"Until we solve the affordable housing crisis, we're always going to be seeing homeless people."
Kari Utterback is a senior planner at Columbia/Boone County Public Health and Human Services – focusing on coordinated entry and homelessness.
She spoke about some of the resources unsheltered and unhoused Columbians have this winter, as well as about some of the roots causes of homelessness in our community.
Missouri Health Talks gathers Missourians’ stories of access to healthcare in their own words.
Kari Utterback: Homelessness is very nuanced, and so, I think just having the community understand what some of those nuances are, and that homelessness is a loss of support and an affordable housing problem, as opposed to any kind of moral judgment or personal attack.
These are system wide problems that we have – there just so happens to be people's lives at stake.
So, we have a lot of agencies – some that specifically helped with homelessness and some that help our unsheltered individuals who are trying to rough sleep in the wintertime.
We're actually really on the upswing of our homelessness funding. So, the fact that we have Room at the Inn operating – now it's going to be open all year, that's just really, really huge – we've never had it be open this early.
So, the fact that like it's already open and people are already out of the inclement weather is just such a burden off my heart, honestly.
"So, the fact that [Room at the Inn is] already open and people are already out of the inclement weather is just such a burden off my heart, honestly.Kari Utterback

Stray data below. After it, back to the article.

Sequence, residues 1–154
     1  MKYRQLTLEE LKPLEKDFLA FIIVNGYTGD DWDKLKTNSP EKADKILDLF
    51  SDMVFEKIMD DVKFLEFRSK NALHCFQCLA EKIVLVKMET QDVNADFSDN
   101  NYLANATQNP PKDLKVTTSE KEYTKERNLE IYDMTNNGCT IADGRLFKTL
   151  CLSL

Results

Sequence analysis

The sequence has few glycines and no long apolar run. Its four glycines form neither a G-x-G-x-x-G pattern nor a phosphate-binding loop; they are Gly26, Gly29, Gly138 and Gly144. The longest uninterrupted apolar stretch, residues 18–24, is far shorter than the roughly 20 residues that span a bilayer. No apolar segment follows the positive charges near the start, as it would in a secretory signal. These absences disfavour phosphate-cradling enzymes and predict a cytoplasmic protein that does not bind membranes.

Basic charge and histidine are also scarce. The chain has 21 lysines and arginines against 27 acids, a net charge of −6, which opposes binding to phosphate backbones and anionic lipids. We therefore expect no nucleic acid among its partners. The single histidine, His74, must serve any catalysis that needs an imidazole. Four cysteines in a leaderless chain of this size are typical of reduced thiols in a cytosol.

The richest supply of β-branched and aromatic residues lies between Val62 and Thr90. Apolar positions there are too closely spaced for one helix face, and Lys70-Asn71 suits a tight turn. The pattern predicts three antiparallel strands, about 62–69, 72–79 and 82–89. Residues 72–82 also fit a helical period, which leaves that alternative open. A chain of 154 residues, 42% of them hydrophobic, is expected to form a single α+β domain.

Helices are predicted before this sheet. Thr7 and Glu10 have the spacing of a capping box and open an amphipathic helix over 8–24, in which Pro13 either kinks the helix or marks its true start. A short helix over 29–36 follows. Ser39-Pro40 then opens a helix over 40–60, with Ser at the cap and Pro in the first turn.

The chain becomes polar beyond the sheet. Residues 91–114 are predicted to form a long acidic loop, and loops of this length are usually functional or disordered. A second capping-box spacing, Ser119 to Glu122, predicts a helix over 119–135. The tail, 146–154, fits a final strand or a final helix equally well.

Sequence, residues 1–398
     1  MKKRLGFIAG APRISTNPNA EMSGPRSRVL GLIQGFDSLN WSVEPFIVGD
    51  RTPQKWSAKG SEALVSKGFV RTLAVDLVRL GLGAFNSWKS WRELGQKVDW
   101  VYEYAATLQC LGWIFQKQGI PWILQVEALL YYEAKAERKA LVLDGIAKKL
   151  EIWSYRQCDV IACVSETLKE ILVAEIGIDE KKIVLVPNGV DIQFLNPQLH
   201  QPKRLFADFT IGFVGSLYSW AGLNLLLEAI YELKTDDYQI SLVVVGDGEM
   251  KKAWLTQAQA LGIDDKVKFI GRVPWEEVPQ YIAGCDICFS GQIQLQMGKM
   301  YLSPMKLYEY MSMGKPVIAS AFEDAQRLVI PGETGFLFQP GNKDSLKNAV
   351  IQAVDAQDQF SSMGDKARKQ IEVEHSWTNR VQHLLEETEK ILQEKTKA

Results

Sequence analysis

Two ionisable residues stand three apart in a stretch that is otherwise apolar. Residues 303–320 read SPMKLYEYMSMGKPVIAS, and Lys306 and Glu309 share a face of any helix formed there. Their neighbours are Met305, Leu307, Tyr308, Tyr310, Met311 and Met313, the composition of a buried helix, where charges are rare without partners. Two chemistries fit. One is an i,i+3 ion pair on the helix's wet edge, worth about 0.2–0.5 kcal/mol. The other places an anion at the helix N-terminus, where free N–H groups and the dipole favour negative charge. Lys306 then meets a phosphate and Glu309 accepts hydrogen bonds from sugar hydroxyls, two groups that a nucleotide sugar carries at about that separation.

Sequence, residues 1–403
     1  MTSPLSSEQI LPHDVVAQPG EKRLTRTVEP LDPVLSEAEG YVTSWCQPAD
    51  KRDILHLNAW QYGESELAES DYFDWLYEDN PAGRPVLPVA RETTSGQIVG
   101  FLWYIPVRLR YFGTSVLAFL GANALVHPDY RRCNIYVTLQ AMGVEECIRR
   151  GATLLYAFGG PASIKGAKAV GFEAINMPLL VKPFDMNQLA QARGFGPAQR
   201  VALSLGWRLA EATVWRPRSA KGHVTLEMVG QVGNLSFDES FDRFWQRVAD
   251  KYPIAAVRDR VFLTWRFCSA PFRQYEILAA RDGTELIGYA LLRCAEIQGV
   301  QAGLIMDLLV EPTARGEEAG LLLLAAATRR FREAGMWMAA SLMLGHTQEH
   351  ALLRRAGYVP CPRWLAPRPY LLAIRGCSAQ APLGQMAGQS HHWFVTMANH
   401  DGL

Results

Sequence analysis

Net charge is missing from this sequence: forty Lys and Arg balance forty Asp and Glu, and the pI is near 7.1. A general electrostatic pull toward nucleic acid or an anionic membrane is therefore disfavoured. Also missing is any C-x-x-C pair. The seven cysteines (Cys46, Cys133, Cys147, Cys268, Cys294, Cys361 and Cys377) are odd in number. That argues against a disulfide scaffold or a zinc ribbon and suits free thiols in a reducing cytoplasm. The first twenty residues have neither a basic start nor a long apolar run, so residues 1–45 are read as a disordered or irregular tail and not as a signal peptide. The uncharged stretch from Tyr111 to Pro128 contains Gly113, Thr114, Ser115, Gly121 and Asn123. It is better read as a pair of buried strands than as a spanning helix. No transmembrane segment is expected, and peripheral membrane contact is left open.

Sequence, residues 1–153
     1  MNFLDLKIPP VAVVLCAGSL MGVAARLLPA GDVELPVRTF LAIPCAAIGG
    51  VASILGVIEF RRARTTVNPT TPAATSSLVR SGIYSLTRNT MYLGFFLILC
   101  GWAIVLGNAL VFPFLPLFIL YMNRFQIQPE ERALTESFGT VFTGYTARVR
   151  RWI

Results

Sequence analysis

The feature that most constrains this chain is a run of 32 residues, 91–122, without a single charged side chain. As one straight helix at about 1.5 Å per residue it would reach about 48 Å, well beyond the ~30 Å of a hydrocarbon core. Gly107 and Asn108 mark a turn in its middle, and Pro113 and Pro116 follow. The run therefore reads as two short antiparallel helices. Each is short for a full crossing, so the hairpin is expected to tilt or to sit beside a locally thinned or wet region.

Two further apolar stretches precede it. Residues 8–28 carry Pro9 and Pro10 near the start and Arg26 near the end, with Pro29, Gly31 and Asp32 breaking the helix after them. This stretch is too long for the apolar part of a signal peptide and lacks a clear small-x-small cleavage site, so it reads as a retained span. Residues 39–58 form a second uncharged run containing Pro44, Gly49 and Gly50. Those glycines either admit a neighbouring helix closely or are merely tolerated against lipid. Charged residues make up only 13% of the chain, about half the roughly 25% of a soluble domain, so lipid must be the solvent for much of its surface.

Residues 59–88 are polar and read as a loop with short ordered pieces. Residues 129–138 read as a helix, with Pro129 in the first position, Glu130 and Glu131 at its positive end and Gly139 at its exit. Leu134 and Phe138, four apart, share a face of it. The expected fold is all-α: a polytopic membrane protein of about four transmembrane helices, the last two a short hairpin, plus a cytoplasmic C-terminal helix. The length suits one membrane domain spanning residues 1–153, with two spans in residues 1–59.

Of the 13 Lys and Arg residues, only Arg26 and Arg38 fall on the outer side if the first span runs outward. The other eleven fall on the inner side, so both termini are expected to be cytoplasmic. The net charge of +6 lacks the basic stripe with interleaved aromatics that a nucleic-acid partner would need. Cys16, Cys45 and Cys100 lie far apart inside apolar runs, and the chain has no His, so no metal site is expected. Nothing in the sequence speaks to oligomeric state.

We also have the contract with Turning Point for the overnight warming center. So, oftentimes in the winter, it's the overnight hours that are the coldest. So, we have contracted with Turning Point, and they are going to be open again this year for our overnight warming center. So, folks who can't or won't go to Room at the Inn, will be eligible to come to a warm space, safe space where we know they won't freeze to death.
So, my hope is that we don't have any weather-related deaths in our homeless encampments and on our homeless list. That's my hope – is that we don't lose anybody to the weather.
My concern is partially capacity – we're just seeing so many new faces, and that's what the agencies are saying at every meeting, like, “Oh, we met someone new. We met a new family. I met some car campers I'd never seen before,” and so, when multiple agencies are reporting new faces, that makes me concerned about the capacity we currently have,
So, yes, homeless people exist and that's sh**ty. Affordable housing could cure that, but until then, like these people still exist, and they need somewhere to exist – and often that's in public space.
And it sucks to see someone hurting, right? And like someone sleeping outside is obviously hurting, and it's hard to see that – like, don't get me wrong, like, I really wish that we could not have a homeless population, but until we solve the affordable housing crisis, like we're always going to be seeing homeless people.
And I think just, it can be so many different things that are very, very normal – like a death in the family, or a medical emergency, or an eviction or multiple evictions – like it can be very normal circumstances that have that lead to someone being homeless.